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When a Therapy Dog Dies: Grieving a Super Co-Regulator

When a Therapy Dog Dies: Grieving a Super Co-Regulator

My therapy dog died, and I’m heartbroken. Gretel was a very special dog – just ask anyone who met her. The news spread fast of her passing, and the outpouring of love from neighbors, friends, family, pet sitters, other therapists, and yes, clients over the last 10 years, has been overwhelming. Even her foster mother from the rescue organization reached out on LinkedIn. We’ve all shared pictures, memories, and tears. One family member from Australia writes, “I catch myself thinking of Gretel several times a week. It’s more of a rapid wave of appreciation and joy than a concrete thought. A feeling of simple and pure love. She will be a part of me for the rest of my life.”

Grief and the brain

Mary-Frances O’Conner, PhD, author of The Grieving Brain, explains that grieving is a form of learning – one that teaches us how to be in the world without someone we love in it. The neurobiology of grief comes from snapshots that are tied to so many brain functions, from recalling memories to regulating our nervous system. Our brain looks for certain cues of regulation tied to the familiar, such as the sound of her sweet snoring in the bed next to me.

Waves of grief are triggered when I find myself moving carefully to avoid stepping on her when she is no longer underfoot or looking for her at the gate as I enter the garage, knowing that feeling will never be repeated. My nervous system expects it, and I will need to train it to expect another form of regulation. Grief is the fear of never experiencing love in that special way that only they could make you feel.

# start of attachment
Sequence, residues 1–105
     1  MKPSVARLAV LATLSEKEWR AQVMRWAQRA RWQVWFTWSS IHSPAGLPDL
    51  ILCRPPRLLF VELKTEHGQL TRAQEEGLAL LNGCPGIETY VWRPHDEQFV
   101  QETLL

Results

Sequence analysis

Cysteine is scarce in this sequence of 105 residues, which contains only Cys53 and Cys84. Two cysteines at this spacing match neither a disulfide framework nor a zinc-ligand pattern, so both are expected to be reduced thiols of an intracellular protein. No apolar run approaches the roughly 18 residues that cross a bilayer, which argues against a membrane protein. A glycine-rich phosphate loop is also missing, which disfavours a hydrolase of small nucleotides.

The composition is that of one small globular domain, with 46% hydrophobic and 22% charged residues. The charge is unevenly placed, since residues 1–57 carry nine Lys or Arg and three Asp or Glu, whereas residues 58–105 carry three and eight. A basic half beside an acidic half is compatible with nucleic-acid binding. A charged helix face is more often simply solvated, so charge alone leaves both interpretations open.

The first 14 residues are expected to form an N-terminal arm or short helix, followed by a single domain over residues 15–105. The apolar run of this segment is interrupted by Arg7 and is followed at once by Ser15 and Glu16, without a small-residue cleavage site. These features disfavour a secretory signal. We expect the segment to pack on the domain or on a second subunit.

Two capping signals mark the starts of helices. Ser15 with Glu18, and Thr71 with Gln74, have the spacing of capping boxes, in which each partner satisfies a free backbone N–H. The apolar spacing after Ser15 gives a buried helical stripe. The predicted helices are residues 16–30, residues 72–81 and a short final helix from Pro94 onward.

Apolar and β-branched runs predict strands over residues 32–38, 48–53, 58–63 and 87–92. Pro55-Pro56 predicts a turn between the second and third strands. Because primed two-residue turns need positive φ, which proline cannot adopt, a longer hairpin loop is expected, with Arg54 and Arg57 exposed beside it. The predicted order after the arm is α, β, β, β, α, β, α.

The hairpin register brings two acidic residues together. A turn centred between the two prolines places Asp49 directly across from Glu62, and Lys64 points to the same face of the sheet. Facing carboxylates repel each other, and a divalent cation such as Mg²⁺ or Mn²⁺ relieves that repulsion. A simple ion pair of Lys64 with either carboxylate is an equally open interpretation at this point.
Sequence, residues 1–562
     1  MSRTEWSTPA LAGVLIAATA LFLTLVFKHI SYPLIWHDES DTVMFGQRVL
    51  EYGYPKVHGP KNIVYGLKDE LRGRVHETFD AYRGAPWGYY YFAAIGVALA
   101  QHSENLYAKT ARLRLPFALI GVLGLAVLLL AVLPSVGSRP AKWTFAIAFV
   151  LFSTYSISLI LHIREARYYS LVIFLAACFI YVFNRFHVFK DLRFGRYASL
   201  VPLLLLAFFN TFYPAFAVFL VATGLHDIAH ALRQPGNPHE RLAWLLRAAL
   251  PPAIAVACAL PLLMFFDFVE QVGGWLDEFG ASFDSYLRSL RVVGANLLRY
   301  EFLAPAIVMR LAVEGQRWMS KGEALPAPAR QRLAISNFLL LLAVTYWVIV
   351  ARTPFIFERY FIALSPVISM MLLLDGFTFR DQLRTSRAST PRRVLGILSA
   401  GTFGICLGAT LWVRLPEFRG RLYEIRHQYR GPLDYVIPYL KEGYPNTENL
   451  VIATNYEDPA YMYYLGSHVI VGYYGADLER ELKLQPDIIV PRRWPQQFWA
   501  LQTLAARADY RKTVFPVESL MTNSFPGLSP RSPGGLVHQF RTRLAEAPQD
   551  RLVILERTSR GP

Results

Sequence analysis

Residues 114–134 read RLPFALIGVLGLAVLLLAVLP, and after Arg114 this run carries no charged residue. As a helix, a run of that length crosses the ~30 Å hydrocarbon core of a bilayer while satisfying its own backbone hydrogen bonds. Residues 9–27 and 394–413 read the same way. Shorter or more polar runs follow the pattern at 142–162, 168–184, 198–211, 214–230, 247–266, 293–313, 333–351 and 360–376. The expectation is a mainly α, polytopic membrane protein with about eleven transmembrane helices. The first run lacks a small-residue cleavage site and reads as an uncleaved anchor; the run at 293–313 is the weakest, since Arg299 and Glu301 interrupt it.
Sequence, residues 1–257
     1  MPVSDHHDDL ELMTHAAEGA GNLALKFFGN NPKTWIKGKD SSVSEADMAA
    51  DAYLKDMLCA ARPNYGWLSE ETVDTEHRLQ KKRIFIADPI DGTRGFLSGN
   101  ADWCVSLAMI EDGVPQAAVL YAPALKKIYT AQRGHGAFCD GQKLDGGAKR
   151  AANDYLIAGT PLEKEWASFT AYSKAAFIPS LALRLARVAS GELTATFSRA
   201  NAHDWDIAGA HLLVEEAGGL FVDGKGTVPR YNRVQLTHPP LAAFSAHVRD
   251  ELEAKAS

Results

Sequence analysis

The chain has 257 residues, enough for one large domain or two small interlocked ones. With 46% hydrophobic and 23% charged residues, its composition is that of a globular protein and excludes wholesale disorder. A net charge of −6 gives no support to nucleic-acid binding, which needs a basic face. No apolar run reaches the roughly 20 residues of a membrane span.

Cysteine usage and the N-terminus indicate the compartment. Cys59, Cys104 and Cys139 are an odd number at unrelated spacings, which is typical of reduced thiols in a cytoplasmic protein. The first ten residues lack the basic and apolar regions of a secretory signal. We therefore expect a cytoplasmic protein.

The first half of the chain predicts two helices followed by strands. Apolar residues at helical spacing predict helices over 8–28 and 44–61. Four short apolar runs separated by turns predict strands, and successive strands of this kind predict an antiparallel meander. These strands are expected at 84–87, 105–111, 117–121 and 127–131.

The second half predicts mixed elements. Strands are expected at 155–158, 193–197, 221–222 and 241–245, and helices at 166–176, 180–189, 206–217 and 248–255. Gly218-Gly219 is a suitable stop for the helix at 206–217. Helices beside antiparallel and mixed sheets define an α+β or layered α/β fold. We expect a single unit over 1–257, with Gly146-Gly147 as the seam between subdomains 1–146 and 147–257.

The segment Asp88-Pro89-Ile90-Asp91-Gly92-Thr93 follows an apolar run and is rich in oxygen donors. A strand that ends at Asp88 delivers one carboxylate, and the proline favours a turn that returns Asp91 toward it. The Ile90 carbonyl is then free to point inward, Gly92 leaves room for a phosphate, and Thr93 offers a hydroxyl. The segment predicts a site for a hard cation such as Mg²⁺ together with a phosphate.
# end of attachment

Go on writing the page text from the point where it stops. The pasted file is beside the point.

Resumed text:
Grief triggers the sympathetic “fight or flight” system that raises a sense of panic. We feel it in our heart; I feel it in the gut. Our body reacts fiercely telling us it needs reassurance, a feeling of safety and connection, some love serum (oxytocin) to reset to our parasympathetic state. Love is a biological imperative according to the Polyvagal Theory. Our autonomic nervous system is wired to look for safety in others. In this case, I’m screwed because…Gretel was the co-regulator! 

The gift of therapy dogs

The gift of therapy dogs (or dogs that were born therapists) allows them to regulate a humans’ nervous systems through a glance, a touch, and playful and social interactions. They have a calming presence. The connection humans and dogs have is a powerful one. Pedigree shared a video on YouTube several years ago called Hearts Aligned, which scientifically demonstrated being close to your dog changed both the dogs and owners heart rate variance (HRV) to a calm and coherent pace. Quite literally, therapy dogs are super co-regulators. 

Gretel retired from coming to the office every day a couple years ago, so her sudden death didn’t traumatize my current clients. We knew she was failing, her quality-of-life fading, but an inoperable tumor is what ultimately took her life. It burst open, and she gave us a look that said, “It’s time.” Surrounded by love, she peacefully went to sleep and crossed over the Rainbow Bridge. 

She was the best dog ever. I continue to allow spontaneous tears, as they naturally release the stress hormone cortisol and replace it with oxytocin. As time passes, I will train my brain to look for other co-regulators first. I must admit: I was the wife who greeted the dog before my husband; I don’t think this is uncommon. In our house, the dog was, quite literally, GOD spelled backward. The empty nest will improve my marriage. 


For more dog stories and the power of connection, especially when healing your relationship with food and your body, check out Dr. Anderson’s memoir, Food, Body, & Love, but the greatest of these is love and its newly-released Companion Workbook.



O’Conner, Mary-Frances (2023) The Grieving Brain. The Surprising Science of How We Learn from Love and Loss. Harper One.

Porges SW (2021). Polyvagal Safety: Attachment, Communication and Self-Regulation. New York: WW Norton.


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